Author Archives: Jason Rossiter

About Jason Rossiter

Orthodox Christian. IT pro. Photography hack. Cleveland denizen.

A New Gift from an Old Friend

I try not to get too involved with Facebook. Sometimes this is difficult, because using and understanding Facebook is part of my job, and because Facebook has also been a great way to keep in touch with friends and family on opposite sides of the country. And yet it is not difficult to see how Facebook has fostered a rampant societal narcissism, filled with people who are publishing online fictions of their “lives,” portraying themselves as they wish to be seen, rather than who they truly are. It is a false interaction, and a spiritually dangerous place for those who are not careful.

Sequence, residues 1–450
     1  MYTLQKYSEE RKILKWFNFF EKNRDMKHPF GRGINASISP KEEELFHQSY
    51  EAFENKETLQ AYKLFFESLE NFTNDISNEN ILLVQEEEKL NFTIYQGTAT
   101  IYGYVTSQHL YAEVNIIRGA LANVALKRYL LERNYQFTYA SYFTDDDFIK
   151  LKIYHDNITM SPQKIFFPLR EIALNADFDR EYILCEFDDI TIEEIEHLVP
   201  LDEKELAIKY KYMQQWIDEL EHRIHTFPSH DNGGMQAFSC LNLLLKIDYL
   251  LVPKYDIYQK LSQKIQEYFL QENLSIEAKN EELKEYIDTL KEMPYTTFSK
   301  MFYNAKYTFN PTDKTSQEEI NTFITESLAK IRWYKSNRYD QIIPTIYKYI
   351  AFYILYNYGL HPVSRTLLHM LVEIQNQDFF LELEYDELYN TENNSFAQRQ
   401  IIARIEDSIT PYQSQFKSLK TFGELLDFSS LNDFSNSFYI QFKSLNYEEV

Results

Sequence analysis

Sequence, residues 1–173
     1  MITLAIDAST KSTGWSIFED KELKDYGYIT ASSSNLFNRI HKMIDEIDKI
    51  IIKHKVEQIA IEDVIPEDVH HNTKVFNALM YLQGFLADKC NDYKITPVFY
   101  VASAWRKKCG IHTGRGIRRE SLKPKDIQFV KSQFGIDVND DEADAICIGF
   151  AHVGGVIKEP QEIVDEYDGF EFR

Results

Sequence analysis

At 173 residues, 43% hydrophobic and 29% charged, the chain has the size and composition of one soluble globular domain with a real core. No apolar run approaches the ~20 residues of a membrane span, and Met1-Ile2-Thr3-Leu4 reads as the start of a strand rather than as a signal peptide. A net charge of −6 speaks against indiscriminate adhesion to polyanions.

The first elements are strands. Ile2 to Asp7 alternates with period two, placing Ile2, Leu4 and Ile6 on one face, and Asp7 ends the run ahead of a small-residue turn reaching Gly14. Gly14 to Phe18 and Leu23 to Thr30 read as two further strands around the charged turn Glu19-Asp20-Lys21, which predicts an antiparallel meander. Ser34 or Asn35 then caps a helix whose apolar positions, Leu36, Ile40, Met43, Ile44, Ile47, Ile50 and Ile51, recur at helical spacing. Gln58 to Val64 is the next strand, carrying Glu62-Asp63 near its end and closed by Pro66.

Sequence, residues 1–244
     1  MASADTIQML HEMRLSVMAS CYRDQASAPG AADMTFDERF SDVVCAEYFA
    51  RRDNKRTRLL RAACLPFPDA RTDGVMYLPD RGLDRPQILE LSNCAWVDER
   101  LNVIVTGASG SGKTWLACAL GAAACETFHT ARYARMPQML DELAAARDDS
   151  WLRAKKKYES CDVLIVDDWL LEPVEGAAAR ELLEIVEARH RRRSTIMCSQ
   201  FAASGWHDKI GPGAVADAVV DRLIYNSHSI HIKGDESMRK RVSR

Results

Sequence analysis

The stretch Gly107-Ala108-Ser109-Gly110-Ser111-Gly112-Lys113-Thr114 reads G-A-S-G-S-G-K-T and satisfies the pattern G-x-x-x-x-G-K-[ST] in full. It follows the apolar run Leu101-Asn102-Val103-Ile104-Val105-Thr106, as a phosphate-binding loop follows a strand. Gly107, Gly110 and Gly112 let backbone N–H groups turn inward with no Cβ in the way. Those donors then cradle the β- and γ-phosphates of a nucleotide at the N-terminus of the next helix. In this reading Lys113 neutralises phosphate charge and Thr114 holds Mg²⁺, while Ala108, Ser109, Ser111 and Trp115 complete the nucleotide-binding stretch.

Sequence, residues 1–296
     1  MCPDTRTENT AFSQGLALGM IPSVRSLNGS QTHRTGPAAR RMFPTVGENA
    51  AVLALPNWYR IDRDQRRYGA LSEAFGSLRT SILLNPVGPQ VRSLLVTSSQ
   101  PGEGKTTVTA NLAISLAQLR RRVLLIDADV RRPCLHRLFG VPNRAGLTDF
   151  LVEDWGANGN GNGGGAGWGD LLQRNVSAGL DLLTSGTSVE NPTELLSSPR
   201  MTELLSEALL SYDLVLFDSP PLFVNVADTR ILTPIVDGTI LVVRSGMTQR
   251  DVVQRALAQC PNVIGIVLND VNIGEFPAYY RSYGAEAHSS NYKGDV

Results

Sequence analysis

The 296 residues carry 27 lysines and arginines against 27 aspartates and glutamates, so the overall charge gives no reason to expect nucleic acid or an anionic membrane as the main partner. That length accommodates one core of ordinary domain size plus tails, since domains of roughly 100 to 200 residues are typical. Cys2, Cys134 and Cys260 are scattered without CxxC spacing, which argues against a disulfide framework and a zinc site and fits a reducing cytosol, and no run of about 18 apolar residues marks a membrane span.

For this reason, I tend to share very little about my personal life on Facebook. Apart from occasional prayer requests and the odd re-share of goofy pictures and videos and whatnot, most of my Facebooking is passive: viewing pictures of my nieces’ and nephews’ latest antics, reading news about friends’ job searches. Things like that. I do my best to ignore the grandstanding, politics, whining, and announcements about one’s latest bowel movement or trip to the grocery store. I make judicious use of the “hide story” option and customized feed lists to keep this detritus out of my main feed. (I’m not trying to thump my chest and brag about my own Facebook self-control or technological prowess–far from it. By all means, everyone who uses Facebook should learn how to use the site’s tools to shield themselves from unwanted content, and I’d be happy to show anyone how if they would like to know.)